More than a month after a small plane crashed in the Colombian rainforest, four surviving children have been rescued from the jungle. After a week-long search in the Amazon region, emergency services found the siblings aged 13, 9 and 4 and a year in the south of the country, according to Colombian President Gustavo Petro.
"A joy for the whole country. The four children who have been missing in the Colombian rainforest for 40 days have been found alive," wrote the head of state on Twitter. He also published a photo of soldiers and indigenous people in the jungle who fed and supplied the children with water.
The siblings crashed on May 1 with a Cessna 206 propeller plane in the Caquetá department in the south of the country. Private small planes are often the only way to cover longer distances in the impassable region. The children's mother, the pilot and an indigenous leader died in the accident. While searching for the children, the soldiers found shoes, diapers, hair ties, purple scissors, a baby bottle, a shelter built from leaves and branches, and half-eaten fruit.
Using the objects and traces found, the soldiers were able to reconstruct the path the children had taken so far. Accordingly, they initially removed from the crash site four kilometers to the west. Then they apparently met an obstacle and turned north. The rainforest in the region is very dense, which made the search for the missing people much more difficult. In addition, it rains almost non-stop.
Case reminiscent of 1971 plane crash
The children - three girls and a boy - are themselves part of an indigenous community, and their knowledge of the region may have helped them survive in the jungle after the crash. Her grandmother Fátima Valencia mostly trusted her eldest sister. "She was always like her mother, she took the others to the forest," she said recently on the radio station La FM. "She knows the plants and fruits. We indigenous people learn from an early age which ones are edible and which ones aren't."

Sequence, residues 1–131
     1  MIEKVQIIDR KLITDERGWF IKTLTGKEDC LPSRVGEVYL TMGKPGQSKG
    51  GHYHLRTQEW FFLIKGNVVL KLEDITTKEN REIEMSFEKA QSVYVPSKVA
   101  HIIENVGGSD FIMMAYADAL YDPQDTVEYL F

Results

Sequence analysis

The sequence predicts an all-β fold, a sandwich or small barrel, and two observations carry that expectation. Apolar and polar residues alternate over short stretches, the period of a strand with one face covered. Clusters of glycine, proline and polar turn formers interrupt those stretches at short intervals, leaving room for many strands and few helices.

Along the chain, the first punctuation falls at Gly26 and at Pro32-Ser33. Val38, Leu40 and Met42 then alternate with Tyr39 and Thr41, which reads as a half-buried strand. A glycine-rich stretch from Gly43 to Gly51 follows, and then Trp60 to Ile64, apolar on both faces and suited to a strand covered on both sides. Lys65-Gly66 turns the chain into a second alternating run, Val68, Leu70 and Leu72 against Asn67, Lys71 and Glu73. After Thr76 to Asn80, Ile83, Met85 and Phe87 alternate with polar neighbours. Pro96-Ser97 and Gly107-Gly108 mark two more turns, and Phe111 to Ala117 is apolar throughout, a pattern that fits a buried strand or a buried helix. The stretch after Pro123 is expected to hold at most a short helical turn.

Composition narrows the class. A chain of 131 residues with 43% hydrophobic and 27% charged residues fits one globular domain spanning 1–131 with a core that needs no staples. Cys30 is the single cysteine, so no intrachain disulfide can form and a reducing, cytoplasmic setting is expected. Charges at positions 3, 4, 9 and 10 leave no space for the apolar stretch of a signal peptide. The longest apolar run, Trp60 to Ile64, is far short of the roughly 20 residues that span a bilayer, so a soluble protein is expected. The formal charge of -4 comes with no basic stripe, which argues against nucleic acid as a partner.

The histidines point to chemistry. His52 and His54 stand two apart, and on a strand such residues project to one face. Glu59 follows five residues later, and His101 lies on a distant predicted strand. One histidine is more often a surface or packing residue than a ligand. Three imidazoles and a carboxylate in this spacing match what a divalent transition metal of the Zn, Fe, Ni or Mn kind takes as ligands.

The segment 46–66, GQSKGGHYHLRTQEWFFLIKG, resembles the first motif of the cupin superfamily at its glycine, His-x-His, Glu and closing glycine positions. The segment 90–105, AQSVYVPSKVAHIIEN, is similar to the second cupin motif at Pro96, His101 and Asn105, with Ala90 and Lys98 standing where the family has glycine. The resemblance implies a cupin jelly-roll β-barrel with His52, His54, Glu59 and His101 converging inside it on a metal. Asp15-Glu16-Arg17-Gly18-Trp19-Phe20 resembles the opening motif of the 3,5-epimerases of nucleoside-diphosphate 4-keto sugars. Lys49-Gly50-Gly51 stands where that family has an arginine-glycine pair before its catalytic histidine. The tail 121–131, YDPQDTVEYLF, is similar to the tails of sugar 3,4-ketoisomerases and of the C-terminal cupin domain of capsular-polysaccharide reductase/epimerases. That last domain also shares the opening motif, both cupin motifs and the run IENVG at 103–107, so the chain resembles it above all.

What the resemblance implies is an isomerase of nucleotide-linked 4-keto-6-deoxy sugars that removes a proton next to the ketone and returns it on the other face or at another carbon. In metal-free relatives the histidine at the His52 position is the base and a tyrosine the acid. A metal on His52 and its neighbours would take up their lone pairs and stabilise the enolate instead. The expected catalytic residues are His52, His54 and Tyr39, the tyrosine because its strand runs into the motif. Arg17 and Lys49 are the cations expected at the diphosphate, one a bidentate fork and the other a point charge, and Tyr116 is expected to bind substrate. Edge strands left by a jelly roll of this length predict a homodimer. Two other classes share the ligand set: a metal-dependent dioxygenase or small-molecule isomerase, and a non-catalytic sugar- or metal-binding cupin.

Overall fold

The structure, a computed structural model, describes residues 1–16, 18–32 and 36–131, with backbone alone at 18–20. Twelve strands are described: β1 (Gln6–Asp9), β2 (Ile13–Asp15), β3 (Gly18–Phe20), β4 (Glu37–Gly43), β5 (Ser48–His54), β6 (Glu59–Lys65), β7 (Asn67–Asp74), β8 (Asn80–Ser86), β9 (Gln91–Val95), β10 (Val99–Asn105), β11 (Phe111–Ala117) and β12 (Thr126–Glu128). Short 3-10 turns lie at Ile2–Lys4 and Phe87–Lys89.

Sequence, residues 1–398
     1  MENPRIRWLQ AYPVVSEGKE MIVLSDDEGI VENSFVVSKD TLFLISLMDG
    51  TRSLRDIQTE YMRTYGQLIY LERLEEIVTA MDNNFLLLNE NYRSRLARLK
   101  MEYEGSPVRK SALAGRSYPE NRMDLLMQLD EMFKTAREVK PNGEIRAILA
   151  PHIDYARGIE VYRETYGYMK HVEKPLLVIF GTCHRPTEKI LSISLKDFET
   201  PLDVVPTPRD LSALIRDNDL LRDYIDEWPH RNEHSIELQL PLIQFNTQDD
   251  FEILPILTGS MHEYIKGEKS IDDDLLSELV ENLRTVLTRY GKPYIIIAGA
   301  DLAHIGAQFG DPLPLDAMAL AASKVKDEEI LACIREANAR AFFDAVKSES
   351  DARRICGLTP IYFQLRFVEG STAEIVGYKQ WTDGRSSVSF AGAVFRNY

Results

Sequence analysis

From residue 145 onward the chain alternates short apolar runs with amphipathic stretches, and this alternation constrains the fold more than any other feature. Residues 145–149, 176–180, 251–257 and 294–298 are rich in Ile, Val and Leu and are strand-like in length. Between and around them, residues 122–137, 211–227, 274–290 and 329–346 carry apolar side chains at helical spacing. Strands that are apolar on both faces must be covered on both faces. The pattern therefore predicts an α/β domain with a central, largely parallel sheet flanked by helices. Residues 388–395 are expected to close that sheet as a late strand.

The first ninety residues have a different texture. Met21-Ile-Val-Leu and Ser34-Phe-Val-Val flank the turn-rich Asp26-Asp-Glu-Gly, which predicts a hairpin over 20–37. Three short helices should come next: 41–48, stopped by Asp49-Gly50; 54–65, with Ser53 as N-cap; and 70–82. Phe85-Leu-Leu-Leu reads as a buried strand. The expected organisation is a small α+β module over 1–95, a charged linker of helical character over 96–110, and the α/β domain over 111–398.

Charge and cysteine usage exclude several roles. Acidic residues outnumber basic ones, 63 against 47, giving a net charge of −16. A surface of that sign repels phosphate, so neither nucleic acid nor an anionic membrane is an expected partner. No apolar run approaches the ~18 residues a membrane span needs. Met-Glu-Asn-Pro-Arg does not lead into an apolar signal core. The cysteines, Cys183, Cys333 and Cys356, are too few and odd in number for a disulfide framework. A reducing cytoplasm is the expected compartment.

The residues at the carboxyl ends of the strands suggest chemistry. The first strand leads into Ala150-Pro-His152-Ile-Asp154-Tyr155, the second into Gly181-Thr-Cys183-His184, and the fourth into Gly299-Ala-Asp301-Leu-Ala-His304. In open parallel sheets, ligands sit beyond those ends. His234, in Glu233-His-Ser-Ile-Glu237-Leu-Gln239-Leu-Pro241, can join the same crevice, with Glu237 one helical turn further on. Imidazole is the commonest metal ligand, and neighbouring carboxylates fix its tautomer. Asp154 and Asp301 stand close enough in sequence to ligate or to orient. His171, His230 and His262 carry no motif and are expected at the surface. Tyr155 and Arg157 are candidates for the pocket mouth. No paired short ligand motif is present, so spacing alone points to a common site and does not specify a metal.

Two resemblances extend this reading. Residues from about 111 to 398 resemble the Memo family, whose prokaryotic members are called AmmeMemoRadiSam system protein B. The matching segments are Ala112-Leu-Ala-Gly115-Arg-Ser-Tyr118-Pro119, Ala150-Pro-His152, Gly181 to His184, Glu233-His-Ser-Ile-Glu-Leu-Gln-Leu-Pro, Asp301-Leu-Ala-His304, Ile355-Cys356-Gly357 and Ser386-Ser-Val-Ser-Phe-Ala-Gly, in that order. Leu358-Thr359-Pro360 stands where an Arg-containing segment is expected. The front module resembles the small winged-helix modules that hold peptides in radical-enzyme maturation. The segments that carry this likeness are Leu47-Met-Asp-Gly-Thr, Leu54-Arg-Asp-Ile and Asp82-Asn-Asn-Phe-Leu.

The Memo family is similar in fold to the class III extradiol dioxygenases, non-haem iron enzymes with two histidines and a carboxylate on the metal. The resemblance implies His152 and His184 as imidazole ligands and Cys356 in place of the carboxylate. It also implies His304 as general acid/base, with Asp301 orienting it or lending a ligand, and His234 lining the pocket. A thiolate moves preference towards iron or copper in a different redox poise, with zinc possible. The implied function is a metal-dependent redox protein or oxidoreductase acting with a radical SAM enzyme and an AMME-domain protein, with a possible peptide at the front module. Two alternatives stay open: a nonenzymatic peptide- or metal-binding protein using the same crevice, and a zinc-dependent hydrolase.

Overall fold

The case is reminiscent of the German-Peruvian Juliane Koepcke, who survived a plane crash in the Peruvian rainforest in 1971 and was rescued ten days later. Since her parents were biologists doing research in the Amazon region, the then 17-year-old was familiar with the area and was able to make her way to a river, where she was finally found by forest workers.
According to media reports, the children in Colombia were with their mother on the way to their father, who had fled the region after constant threats from a splinter group of the guerrilla organization FARC. Although the security situation has improved after the 2016 peace agreement between the government and FARC, parts of the South American country are still controlled by illegal groups. Indigenous peoples, social activists and environmentalists in particular are repeatedly targeted by criminal gangs.